Subsequent attempts to make it big failed apparently. I have said a number of times in my articles for Am I right that I never could abide fast dance music, and the idiotic scenes it spawns.Well, I always found myself even more non-plussed by the sight of people shambling all over the floor like a pack of total headcases to a number as religiously charged as this.What was everyone thinking of? Did people believe that it was perfectly OK to knock back the booze and then dance to a reference to Jesus? Sorry guys but I just can't abide mentally challenged thinking like that, even if those concerned are unbelievers.
Checked out the nonsensical lines I picked? That proves that not only was Greenbaum not a Christian, but that he knew absolutely nothing at all about the Christian faith. It runs exclusively on the strength of the fact that it's adherents are born sinners. That that's why Jesus came into the world in the first place.To pay the penalty for sin Himself,and subsequently help them deal with sin. So to say, as this song does, that you've a friend in Jesus because you've never sinned, would sound to God as the single most crazy statement ever uttered throughout eternity. Just who or what for that matter is this Spirit in the sky Greenbaum refers to even? God? Jesus? Some other Heavenly personage? The question isn't answered.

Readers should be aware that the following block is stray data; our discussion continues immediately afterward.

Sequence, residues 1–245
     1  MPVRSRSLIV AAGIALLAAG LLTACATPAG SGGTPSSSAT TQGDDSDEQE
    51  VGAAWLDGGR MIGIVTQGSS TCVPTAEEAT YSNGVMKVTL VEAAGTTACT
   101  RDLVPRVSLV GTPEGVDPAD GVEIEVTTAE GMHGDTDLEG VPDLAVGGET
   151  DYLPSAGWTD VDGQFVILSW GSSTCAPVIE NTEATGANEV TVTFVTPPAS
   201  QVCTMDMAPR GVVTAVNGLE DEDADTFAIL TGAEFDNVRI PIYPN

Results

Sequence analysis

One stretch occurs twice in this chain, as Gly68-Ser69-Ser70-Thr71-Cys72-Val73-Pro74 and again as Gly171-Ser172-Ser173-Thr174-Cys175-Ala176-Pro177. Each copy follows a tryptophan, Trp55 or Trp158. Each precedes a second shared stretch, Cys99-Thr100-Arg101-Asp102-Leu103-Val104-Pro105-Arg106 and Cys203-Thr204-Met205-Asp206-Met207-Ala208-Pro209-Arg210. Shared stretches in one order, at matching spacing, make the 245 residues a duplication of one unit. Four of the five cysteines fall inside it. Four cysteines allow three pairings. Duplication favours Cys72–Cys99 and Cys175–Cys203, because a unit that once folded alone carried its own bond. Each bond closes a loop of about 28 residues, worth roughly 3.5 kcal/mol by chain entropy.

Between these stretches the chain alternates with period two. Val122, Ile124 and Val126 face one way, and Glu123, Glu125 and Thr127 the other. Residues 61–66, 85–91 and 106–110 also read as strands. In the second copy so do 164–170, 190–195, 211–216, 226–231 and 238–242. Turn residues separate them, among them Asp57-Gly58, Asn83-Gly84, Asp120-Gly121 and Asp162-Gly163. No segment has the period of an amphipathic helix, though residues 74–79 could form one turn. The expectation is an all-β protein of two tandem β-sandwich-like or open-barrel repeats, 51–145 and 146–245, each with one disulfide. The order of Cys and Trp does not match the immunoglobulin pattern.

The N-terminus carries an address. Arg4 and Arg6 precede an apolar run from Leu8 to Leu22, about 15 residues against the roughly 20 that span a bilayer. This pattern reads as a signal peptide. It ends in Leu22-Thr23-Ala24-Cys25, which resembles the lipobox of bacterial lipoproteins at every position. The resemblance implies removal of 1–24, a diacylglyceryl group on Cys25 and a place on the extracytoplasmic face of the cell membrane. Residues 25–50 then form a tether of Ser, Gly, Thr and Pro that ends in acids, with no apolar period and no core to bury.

Also,the song talks about getting right with Jesus as a RECOMMENDATION to this Spirit in the sky, as if we're talking about a job reference or something.The whole thing remains one of the most outlandish episodes in the history of pop music.
Submitted by: THE BIG GUY
A Blessing From Norman Greenbaum
Current mood: ecstatic
One of the cool things about the internet is its immediacy. The other day I was watching a DVD with the fam and "Spirit In The Sky" by Norman Greenbaum ran during the credits. It was a huge hit in 1970 and is still regularly used today. I happened to have my laptop handy so I typed in Norman Greenbaum (to see if he was still alive for one thing) and sure enough, there he was. Much older than his hippie-pic on the cover of his record, but none the worse for wear. Still wears his hair long, though it's turned a shimmery silver. Gotta love it.
Anyway, I found his website and one of the features is a list of comments from fans, some of which he actually responds to. So I shot him an e-mail about what "Spirit In The Sky" meant to me. And it read thusly....
It was 1970. I was five. I was facing east, standing in my parents driveway, looking up in the clouds. Somewhere behind me "Spirit In The Sky" was playing on CKLW. I still remember it because it was the first time I realized I too would die someday. Thanks for the heads-up.
Hope it's not too soon.
How cool is that? That simple response meant so much to me. Sometimes I think that's probably why I bother with local music at all. It's so rewarding.